This recipe for a warm salad of garlicky, rosemaried lamb, baby potatoes and peas allows you to do just that, and it’s economical in the sense that it stretches a single leg of lamb (which is ruinously expensive these days, for reasons I cannot understand) between many mouths. In the recipe below, I’ve given instructions for preparing the dish well ahead of time and then assembling it at the last minute.

You’ll save a lot of money if you buy a whole leg of lamb and debone it yourself (see Cook’s Notes, below), or ask your butcher to do it for you.

It’s important to serve this warm, as it’s the heat of the potatoes and lamb that releases the minty, mustardy, lemony flavours of the dressing.

My other recipes for Woolworths #wooliespantry: 

Curried Lamb Ribbetjies with Mint Yoghurt
Champ with Chives and Garlic
Gin-Cured Gravadlax with Crisped Capers

Warm Lamb and Potato Salad with a Mint Dressing

1 x 3.5 kg leg of lamb, deboned and butterflied
6 sprigs fresh rosemary
4 cloves garlic, peeled and finely sliced
3 Tbsp (45 ml) olive oil, plus extra for frying
a large lemon
milled black pepper
3.5 kg new potatoes
olive or sunflower oil, for frying
4 cups frozen baby peas
baby mint leaves, to garnish

For the dressing:
4 tsp (20 ml) good Dijon mustard
1 large clove garlic, peeled and crushed
6 Tbsp (90 ml) freshly squeezed lemon juice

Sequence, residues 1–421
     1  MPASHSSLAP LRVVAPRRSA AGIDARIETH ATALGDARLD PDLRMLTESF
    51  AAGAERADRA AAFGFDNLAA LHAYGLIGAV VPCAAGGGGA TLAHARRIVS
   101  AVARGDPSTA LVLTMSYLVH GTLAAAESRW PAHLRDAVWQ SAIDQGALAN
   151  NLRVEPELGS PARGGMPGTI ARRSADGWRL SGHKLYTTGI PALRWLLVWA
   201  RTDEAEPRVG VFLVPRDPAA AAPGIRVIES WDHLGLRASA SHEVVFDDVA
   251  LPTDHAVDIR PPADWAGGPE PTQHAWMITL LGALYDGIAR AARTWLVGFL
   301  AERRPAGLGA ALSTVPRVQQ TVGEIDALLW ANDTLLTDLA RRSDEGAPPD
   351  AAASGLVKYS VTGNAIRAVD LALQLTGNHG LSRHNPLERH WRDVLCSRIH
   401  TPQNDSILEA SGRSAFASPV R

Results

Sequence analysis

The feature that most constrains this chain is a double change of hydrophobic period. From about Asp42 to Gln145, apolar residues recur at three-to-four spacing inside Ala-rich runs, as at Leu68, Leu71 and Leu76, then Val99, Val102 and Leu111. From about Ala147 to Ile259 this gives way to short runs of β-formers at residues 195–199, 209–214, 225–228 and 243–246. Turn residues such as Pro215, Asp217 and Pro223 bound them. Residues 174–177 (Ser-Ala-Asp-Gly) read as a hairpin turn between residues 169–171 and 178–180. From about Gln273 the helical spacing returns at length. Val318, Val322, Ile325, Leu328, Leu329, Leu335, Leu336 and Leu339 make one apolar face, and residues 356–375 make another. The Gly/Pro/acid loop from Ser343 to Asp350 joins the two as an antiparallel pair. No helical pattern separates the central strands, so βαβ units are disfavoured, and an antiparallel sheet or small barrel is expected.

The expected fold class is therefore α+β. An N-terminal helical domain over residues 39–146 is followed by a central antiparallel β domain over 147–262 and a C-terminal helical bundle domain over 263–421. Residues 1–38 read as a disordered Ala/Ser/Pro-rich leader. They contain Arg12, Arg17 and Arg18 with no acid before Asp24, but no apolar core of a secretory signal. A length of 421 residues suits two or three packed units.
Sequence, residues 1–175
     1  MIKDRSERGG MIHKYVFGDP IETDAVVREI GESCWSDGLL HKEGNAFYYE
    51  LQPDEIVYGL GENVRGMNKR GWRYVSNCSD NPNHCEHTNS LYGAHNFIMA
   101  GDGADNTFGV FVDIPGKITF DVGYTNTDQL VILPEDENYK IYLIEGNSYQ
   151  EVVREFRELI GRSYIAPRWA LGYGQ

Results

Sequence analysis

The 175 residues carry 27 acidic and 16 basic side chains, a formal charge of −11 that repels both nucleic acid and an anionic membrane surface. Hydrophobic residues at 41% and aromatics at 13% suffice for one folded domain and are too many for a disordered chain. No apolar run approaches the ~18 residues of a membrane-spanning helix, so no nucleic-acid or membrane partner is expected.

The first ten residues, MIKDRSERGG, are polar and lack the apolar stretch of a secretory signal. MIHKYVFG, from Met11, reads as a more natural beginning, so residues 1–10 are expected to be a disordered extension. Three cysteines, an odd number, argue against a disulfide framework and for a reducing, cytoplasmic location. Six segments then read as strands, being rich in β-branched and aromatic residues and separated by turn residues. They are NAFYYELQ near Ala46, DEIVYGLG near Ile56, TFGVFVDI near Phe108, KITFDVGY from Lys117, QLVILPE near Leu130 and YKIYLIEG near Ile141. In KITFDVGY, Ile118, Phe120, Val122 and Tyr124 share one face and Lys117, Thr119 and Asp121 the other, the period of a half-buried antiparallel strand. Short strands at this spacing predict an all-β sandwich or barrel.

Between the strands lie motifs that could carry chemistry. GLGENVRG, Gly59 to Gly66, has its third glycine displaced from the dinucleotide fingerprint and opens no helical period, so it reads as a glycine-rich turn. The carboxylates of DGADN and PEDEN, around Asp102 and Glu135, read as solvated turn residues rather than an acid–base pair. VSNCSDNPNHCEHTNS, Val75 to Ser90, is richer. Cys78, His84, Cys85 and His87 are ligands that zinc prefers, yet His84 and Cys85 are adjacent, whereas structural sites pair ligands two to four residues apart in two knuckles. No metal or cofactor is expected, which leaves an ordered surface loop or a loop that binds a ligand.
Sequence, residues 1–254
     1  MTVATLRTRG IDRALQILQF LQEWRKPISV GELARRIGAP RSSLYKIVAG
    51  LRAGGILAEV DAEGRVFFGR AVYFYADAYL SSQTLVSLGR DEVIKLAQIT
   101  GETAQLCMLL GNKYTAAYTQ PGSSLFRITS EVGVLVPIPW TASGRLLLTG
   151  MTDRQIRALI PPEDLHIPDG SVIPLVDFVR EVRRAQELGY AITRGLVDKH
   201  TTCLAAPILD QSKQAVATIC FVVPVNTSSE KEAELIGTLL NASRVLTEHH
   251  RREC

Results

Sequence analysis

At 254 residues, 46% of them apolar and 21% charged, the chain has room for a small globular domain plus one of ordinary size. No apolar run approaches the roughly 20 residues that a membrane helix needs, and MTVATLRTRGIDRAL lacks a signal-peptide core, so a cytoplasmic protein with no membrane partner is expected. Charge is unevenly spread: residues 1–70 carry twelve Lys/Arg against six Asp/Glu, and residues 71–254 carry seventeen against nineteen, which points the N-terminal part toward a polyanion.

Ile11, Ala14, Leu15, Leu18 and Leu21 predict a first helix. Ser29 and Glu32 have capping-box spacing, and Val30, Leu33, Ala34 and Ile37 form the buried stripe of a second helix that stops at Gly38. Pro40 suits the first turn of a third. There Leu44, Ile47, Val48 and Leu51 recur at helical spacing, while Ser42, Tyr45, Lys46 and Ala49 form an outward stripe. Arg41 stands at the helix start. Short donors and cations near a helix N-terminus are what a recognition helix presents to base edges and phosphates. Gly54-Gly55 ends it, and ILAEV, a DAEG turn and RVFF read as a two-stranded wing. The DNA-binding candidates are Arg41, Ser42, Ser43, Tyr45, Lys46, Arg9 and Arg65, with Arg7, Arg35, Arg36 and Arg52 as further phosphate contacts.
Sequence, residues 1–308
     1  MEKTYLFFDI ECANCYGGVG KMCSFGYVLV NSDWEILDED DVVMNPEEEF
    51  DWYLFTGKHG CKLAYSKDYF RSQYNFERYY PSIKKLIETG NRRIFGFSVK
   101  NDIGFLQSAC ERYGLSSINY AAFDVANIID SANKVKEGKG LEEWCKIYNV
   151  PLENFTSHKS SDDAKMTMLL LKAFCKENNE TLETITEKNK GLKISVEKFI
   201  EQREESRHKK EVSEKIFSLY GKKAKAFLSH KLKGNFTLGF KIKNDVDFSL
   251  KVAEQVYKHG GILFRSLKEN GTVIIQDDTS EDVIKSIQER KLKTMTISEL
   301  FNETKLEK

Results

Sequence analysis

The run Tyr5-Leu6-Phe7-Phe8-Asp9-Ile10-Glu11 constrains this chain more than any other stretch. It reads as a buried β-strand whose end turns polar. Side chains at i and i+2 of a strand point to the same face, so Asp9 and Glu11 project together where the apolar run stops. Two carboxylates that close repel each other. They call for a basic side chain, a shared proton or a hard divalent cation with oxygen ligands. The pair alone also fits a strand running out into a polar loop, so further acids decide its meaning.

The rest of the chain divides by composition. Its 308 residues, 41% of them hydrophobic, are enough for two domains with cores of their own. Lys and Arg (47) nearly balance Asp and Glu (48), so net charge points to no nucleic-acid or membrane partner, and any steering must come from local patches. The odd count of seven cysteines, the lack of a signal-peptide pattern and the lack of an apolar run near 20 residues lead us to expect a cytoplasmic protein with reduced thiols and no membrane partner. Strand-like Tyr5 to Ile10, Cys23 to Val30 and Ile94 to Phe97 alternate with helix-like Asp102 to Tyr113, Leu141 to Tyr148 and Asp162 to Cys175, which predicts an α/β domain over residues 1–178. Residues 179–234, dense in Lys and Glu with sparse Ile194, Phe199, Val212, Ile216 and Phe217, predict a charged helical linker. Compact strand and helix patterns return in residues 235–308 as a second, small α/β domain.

½ tsp (2.5 ml) white sugar
flaky sea salt
milled pepper
1 cup (250 ml) extra-virgin olive oil
a big handful of fresh mint leaves (about ¾ cup, loosely packed)

Lay the butterflied lamb, skin side down, in a large non-metallic dish. Scatter over the rosemary sprigs and garlic slices and drizzle with 3 Tbsp olive oil. Cut the lemon in half and squeeze the juice over the lamb, then slice the squeezed-out lemon halves and arrange them on top of the lamb. Season well with milled black pepper (but no salt). Fold the lamb ‘butterfly’ in half to enclose the filling and cover the dish with clingfilm. Marinate in the fridge for 24 hours (a minimum of 12), turning the lamb over once or twice during that time.

Now prepare the potatoes. Cook them in plenty of boiling salted water for 10 minutes, or until just tender when pierced with the tip of a sharp knife, but not squashy or falling apart. Drain in a colander for 10 minutes, return them to the empty pot and cover.

To prepare the dressing, put the mustard, garlic, lemon juice, sugar and a pinch of salt and pepper into a bowl and stir until the sugar and salt have dissolved. Whisk in the oil to form a smooth emulsion. Cover and set aside at room temperature.

Now sear the lamb (you can do this up to eight hours ahead and keep it, loosely covered with clingfilm, in the fridge). Heat 3 Tbsp oil in a large frying pan or a heavy-based roasting pan until blazing hot and shimmering, but not yet smoking. Scrape the garlic, rosemary and lemon slices off the lamb (don’t leave a trace of garlic behind, as it will turn bitter in the pan) and season with a little salt on both sides.

Sear the lamb in the hot oil for 4-5 minutes on each side, or until nicely browned and caramelised. Cover and set aside (at room temperature if you’re planning to assemble the dish within two hours, or in the fridge if you’re preparing this well in advance.)